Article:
Click here to access the audio files and complementary materials
Reading and Writing Japanese Hiragana is a book for those students who are starting learning Japanese and they want to practice and learn Hiragana syllabary.
The books is divided in 2 parts: in the first one, students must learn all letter from Hiragana syllabary and, in the second part, they must practice by writing and learning some basic vocabulary words.
Beside each letter, these ir space to practice calligraphy and through the publisher's website, there are audio files to practice listening and pronunciation and PDF worksheets. The link to get access to these contents is also available on top of this file.
Description by the publisher
This book provides a complete course for beginning students who want to master the first step in learning to read and write Japanese!
With plentiful writing and reading practice, this workbook starts with the basic letters and works up to writing words and complete sentences. Divided into two parts, the first part presents the 46 main Hiragana in their full and contracted forms, with extensive writing spaces provided for writing practice. Recognition and pronunciation of the letters are reinforced through writing and listening exercises.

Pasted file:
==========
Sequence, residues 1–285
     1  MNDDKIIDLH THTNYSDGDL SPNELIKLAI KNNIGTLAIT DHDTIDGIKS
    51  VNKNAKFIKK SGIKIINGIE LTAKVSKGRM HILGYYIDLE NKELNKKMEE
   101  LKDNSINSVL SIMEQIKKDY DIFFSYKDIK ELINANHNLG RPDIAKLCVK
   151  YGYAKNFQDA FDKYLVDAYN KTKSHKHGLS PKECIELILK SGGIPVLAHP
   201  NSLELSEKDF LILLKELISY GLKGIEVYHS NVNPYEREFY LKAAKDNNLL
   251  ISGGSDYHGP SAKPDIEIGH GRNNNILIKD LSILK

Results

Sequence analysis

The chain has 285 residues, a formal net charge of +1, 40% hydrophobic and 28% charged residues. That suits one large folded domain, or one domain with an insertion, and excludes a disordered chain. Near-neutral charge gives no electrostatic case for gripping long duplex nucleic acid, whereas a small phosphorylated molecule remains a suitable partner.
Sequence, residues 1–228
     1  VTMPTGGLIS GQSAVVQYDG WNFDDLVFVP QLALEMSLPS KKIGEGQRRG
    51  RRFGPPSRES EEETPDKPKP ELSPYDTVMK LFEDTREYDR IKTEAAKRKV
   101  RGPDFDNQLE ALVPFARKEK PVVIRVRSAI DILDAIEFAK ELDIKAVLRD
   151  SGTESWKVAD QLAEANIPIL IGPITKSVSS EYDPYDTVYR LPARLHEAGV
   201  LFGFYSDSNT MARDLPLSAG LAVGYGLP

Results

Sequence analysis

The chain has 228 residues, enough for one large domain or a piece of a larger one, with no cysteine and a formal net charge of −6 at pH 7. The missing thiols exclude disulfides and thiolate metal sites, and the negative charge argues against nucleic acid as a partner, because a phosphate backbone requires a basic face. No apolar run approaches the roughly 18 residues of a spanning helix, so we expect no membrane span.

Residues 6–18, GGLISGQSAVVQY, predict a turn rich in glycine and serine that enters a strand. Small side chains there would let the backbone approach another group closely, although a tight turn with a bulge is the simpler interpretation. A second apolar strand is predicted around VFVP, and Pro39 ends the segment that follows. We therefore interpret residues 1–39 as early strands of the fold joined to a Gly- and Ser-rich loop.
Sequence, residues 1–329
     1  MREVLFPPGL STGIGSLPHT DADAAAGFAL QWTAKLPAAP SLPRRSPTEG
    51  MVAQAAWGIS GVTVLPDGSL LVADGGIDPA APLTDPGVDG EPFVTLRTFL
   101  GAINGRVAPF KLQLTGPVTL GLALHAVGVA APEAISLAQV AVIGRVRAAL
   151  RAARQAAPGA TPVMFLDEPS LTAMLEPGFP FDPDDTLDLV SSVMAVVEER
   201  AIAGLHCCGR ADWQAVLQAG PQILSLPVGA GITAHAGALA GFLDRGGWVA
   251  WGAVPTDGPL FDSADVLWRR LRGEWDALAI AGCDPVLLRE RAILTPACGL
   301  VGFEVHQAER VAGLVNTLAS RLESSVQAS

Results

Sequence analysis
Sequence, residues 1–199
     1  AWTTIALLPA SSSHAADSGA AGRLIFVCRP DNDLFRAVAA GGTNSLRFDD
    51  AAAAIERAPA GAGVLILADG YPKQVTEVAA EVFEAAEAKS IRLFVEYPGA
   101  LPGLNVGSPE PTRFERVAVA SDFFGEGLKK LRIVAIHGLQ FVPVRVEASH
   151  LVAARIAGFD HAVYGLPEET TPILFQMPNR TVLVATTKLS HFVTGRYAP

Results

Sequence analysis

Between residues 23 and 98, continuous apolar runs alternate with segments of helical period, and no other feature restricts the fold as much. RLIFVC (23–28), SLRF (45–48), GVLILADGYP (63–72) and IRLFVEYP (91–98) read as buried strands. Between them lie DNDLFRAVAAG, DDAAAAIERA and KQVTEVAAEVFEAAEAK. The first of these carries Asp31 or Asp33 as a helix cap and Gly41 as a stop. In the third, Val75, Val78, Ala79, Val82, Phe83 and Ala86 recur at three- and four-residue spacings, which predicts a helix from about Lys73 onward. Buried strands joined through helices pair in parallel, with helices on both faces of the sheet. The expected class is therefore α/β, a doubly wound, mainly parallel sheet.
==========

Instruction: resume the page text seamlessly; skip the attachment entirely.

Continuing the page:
In the second half of the book, students can apply their knowledge of Hiragana in a Writing Practice section that contains sentences related to contexts in which Hiragana words are often used, such as greetings, common expressions, place names and transportation. The exercises are graded in difficulty from Writing Drills (from copying to writing from memory) to Dictation Practice (connecting the sounds with the letters) to Writing Exercises (writing answers that fit the situations given).
Unique features of this language workbook include:
- A thorough overview of the Japanese writing system explaining when and how Hiragana is used
- Handwriting and stroke-order tips
- Online audio files speed up the process by reinforcing the pronunciation of the letters through a variety of listening and writing exercises
- Printable flashcards available online for download
- Mnemonic illustrations for every character
The Japanese writing system combines three types of letters: hiragana, katakana, and kanji. Hiragana can be used to spell out the sounds of kanji Chinese character words—and if you don't know the kanji character you can use Hiragana instead (as young children do). It is also used for various grammatical-function words as well as verb and adjective endings.